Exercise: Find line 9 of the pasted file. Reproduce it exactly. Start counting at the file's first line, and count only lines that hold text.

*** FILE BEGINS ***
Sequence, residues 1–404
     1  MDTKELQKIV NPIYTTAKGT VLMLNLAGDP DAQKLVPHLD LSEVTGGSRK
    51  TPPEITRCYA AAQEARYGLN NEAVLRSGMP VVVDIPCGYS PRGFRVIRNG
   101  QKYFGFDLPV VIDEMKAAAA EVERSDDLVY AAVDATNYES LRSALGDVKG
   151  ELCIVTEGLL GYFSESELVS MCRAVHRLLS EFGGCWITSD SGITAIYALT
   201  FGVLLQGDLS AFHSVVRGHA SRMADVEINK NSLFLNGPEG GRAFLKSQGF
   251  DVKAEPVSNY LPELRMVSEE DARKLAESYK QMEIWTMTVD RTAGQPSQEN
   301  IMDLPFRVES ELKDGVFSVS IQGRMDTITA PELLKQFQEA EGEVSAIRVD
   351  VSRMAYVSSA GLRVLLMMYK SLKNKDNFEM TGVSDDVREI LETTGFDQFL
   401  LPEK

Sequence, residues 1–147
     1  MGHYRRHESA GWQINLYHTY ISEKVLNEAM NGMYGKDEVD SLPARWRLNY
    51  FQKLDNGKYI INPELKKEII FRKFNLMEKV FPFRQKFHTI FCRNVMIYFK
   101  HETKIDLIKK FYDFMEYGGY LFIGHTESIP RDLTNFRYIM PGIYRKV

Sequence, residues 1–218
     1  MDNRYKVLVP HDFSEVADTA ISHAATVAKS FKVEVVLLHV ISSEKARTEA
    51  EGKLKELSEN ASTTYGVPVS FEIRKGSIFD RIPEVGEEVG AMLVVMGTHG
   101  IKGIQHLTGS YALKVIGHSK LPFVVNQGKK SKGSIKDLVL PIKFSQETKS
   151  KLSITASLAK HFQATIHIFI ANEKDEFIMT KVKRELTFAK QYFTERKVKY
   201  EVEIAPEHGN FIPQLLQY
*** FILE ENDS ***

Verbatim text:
   351  VSRMAYVSSA GLRVLLMMYK SLKNKDNFEM TGVSDDVREI LETTGFDQFL